Marc Lipsitch, an epidemiologist at the Harvard T.H. Chan School of Public Health, says that when deciding between first vaccinating older Americans or essential workers, “health policy should as a first pass try to minimize the number of lives lost. My best understanding of the data is that the most lives would be saved by getting vaccines to 65 and over.”
Some states deviate from CDC recommendations
Kaiser’s Kates isn’t surprised that some states are going their own way.
“There is no perfect or right framework here,” she says. “These are difficult decisions and states have different populations, so states may want to make decisions that reflect who is living in their state.”
That was the rationale, says Florida Gov. Ron DeSantis, in setting age 65 as the cutoff for the next group of residents of his state to be vaccinated.
DeSantis said at a news conference Monday that he didn’t believe the CDC recommendation is “the best approach for our state. We believe we’ve got to focus on senior citizens.
“We don’t want a situation where someone is a 20-year-old, working at a grocery store — which is an honorable thing and great — but that person gets priority over a 74-year-old or a 73-year-old grandmother.” As vaccinations were opened up to the 65-plus, long lines of cars emerged at hospitals across the state, some people lining up the night before they hoped to get the vaccine. The situation varies by county because local health officials are managing the vaccine process. DeSantis said he plans to convert coronavirus testing sites into vaccine centers and said hospitals that do not administer vaccines fast enough will see their doses taken away.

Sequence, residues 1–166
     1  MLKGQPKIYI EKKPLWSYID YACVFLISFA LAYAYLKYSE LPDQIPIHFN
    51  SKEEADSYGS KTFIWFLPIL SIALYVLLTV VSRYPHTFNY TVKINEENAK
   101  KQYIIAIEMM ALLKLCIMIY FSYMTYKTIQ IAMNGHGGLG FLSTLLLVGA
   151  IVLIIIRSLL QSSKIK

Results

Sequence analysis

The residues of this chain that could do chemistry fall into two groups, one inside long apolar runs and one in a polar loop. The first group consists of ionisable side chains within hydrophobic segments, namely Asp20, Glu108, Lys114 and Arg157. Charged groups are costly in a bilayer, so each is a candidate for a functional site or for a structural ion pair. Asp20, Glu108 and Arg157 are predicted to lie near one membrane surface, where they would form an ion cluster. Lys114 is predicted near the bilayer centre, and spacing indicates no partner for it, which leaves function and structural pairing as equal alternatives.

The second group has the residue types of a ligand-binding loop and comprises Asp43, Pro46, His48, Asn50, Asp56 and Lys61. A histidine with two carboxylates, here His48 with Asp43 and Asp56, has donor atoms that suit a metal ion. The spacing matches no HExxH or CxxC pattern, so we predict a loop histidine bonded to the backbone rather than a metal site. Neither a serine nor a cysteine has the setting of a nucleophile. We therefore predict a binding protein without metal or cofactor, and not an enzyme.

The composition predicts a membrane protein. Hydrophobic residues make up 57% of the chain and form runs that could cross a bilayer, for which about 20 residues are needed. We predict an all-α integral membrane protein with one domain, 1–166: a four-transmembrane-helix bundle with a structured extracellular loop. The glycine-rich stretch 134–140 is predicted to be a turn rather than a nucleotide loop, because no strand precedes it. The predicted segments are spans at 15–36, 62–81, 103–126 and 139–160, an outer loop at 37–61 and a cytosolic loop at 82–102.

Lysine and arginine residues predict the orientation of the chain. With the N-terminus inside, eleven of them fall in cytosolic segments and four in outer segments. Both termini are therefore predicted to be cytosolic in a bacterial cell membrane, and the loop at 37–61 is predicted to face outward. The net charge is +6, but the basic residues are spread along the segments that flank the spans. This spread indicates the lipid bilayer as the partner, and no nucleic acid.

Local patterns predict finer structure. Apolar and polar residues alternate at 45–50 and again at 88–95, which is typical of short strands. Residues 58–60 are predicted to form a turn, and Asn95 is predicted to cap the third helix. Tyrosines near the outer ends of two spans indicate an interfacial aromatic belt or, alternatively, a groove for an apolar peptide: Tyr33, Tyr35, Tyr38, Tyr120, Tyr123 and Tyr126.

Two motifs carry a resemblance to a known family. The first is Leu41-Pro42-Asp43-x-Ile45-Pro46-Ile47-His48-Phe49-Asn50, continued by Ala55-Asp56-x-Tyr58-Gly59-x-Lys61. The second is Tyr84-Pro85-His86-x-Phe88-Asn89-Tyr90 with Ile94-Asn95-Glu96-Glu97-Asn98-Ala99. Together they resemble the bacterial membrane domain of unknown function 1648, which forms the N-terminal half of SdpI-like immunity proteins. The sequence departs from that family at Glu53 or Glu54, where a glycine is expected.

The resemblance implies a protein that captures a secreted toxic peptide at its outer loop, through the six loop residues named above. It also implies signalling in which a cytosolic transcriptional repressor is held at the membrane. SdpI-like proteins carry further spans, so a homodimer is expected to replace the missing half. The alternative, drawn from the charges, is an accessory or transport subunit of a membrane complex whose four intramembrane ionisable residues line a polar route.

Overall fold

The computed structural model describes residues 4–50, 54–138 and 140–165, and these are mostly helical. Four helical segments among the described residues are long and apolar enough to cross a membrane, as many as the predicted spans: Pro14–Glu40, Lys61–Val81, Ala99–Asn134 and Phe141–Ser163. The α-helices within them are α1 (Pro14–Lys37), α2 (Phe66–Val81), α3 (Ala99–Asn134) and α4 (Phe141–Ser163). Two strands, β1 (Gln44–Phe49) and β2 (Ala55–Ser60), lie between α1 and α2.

Other states have also decided to deviate from the CDC recommendations. For example, Alaska, Delaware, Georgia, Ohio, Oklahoma and Texas have all announced they will begin vaccinating 65-plus residents next.
Officials at Delaware’s Division of Public Health say the decision to start the next group at age 65 was based, in part, on data that shows that the median age for COVID-19 deaths for Black and Hispanic residents of the state — ages 74 and 66, respectively — is considerably lower than for white residents (age 82).
The lower age floor “provides us the opportunity to vaccinate and protect many more Delawareans, especially those who are already disproportionately impacted by COVID-19 to begin with due to a variety of factors,” says Karyl Rattay, the state’s director of public health.